Mega ships add a new dimension to the process. Dan Smith of The Tioga Group consultancy cautions that scheduling has to take into account the actual number of containers being moved per ship. "On the US East Coast only a small proportion of the boxes are moved at each port – competition among ports mean many more calls (seven that can handle 14,000+ teu ships) than on the West Coast (only four)."
Mega ship issues
He and colleague Frank Harder have analysed some of the lesser known challenges of dealing with vessels of 18,000+ teu, which rolls through to shift optimisation and utilisation.
- An 18,000 teu mega ship at 45% of its capacity needs 5.4 teu per foot of berth, double that of a post-panamax vessel and triple that of a panamax ship.
- From a panamax ship at 45% to a mega ship with 114% (counting loading and offloading moves, a regular feature at ports such as Los Angeles/Long Beach) would be an eightfold increase in berth throughout.
Both Mr Bingham and Mr Davison say that the most effective method of handling mega ships is planning. "Ship planning is an important component here because it is more unusual to have a complete tip-out upon arrival at a terminal," says Mr Davison, "so, the vessel must be planned so that the maximum number of cranes can work, safely, without stoppages due to cranes being too close. I appreciate that on these larger ships cranes can remain at the same bay for longer periods of time but the aim must be to maximise the highest number of cranes on the same ship wherever possible."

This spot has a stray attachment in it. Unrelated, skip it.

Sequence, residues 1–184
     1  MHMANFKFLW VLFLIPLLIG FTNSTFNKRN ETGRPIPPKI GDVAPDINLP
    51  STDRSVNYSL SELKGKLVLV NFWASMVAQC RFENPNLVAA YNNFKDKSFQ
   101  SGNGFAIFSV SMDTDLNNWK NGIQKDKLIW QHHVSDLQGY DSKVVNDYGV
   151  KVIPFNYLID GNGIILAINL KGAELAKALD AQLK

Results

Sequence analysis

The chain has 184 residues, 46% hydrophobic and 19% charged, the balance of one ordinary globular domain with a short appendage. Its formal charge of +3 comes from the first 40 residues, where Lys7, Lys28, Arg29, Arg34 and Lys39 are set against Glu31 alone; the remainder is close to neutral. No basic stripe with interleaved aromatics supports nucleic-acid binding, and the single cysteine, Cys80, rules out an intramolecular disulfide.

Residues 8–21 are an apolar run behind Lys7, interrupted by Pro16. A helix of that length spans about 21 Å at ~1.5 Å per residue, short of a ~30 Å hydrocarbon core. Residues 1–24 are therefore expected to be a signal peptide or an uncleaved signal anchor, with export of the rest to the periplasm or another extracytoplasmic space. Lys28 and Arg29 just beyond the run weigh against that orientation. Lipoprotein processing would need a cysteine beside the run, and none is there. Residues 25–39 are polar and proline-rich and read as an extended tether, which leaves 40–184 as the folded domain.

Mr Bingham adds: "Workforce shift planning for these large vessels is best when tied to more comprehensive information on vessel stowage and terminal yard management planning. Knowing the particulars of the unloading and loading needed can better inform workforce shift planning and improve the potential for best performance from the available labor force, many of whom likely could work multiple shifts (not sequential) on the same vessel call given the volume of cargo to be moved and how many days in port those ships will likely require.
"As these ships are being operated as part of alliances, the advanced assembly of information to be used for planning the loading of the vessels in port will remain challenging due to the many different parties involved, some of whom will still be settling on outbound booking after the ship has arrived in port," he says.
"This means the management for the shifts needed to work these vessels will have to remain dynamic, being flexible enough to reflect changes in last-minute bookings that can alter the stowage plan as long as those shipments can meet security and operational requirements."